During a speech at Humboldt University in Berlin, President Miloš Zeman came out in support of a common EU defense system and army. In his opinion, the main goal of EU’s foreign policy should be to fight international terrorism. The president also deplored the current soft stance of EU institutions on terrorism, comparing it to the appeasement tactics that western European governments ascribed to during the rise of Nazism and Fascism in the 1930’s. President Zeman will finish off his two-day trip to Germany with a visit to the Czech-German business forum.
The new prime minister says he has no objections to the president’s proposals regarding the appointment of ambassadors. He told Czech Radio on Wednesday, on the contrary, that he regarded Mr Zeman’s choices for ambassador to Moscow and Bratislava as positive. The president wants Communist MEP and one-time cosmonaut Vladimír Remek to be made the Czech Republic’s envoy in Russia and Livia Klausová, wife of his predecessor Václav Klaus, to be the country’s representative in Slovakia. Mr Zeman was at loggerheads with outgoing foreign minister Karel Schwarzenberg over the two appointments.
Prime Minister Nečas says he believes agreement will be reached between
President Miloš Zeman and Foreign Minister Karel Schwarzenberg over the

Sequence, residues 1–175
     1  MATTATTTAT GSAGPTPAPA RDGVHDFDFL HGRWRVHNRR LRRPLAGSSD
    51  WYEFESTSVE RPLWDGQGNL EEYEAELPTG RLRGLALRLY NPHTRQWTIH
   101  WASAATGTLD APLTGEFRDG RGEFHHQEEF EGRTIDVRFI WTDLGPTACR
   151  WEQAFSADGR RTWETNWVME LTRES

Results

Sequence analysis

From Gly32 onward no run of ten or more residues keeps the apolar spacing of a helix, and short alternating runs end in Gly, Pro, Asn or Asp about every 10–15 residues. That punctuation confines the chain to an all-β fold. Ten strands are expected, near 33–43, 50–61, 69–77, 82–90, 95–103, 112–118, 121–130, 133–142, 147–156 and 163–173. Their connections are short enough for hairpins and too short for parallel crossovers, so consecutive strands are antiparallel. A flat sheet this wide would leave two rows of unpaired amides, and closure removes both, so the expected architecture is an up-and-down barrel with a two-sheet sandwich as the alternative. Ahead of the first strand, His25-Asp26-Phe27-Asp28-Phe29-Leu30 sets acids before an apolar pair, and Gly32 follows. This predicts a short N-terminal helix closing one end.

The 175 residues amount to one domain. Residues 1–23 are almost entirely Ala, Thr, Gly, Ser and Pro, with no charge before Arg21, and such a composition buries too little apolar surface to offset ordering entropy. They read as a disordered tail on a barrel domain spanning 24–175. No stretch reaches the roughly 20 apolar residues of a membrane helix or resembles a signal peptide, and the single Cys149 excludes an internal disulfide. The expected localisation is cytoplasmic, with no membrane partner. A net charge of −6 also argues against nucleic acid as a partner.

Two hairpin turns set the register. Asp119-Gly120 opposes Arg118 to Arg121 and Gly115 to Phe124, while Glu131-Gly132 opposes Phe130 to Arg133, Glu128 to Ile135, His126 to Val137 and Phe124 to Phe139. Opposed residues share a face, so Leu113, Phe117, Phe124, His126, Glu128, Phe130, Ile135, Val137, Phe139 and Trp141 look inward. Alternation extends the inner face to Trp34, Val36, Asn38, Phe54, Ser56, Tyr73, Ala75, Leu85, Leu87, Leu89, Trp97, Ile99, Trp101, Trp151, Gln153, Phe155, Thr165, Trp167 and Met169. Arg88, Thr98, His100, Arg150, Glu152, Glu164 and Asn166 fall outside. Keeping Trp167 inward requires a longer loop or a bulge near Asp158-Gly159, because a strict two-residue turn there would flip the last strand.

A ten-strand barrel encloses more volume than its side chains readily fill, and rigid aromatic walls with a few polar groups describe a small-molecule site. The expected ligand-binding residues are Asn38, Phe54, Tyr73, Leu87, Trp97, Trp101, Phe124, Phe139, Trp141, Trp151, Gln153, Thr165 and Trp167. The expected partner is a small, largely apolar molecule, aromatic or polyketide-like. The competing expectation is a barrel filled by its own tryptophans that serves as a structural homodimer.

appointment of ambassadors. Speaking on Sunday, Mr. Nečas said in the past
compromises had been reached between the head of state, the PM and the
foreign minister on naming envoys, adding that the dispute appeared trivial
in the light of the flood situation.
Mr. Zeman and Mr. Schwarzenberg (who the former defeated in presidential elections) have been at loggerheads for some time over the president’s wish to see Livia Klausová, the wife of his predecessor, named ambassador to Bratislava, and Communist MEP Vladimír Remek made ambassador to Russia.
The Foreign Ministry on Friday presented its Gratias Agit awards to people who have worked to promote the good name of the Czech Republic internationally. Among the recipients were the opera star Magdalena Kožená, priest Petr Esterka, who coordinates church services for Czechs in the United States, and German-based artist Jiří Georg Dokoupil. The Gratias Agit awards have been presented annually since 1997.
President Miloš Zeman wants to meet with Prime Minister Petr Nečas in the coming days to settle an ongoing dispute over ambassadorial appointments, the president told reporters on Friday. President Zeman and Foreign Minister Karel Schwarzenberg have failed to reach agreement on appointing some Czech ambassadors. Mr Schwarzenberg refused to accept the president’s nominations for several Czech embassies until the president approves his own candidates. On Thursday, the foreign minister said he would bypass Mr Zeman by filling vacancies at embassies with envoys in lower diplomatic ranks.
New foreigners’ law to change conditions for non-EU nationals
Czech rock climber Adam Ondra knocked out of World Cup in Japan
Czech foreign ministry reports record number of visa applications
New index shows locations with best quality of life in Czech Republic
Archaeologists unearth rare Renaissance-Baroque brew house in ‘Czech Paradise’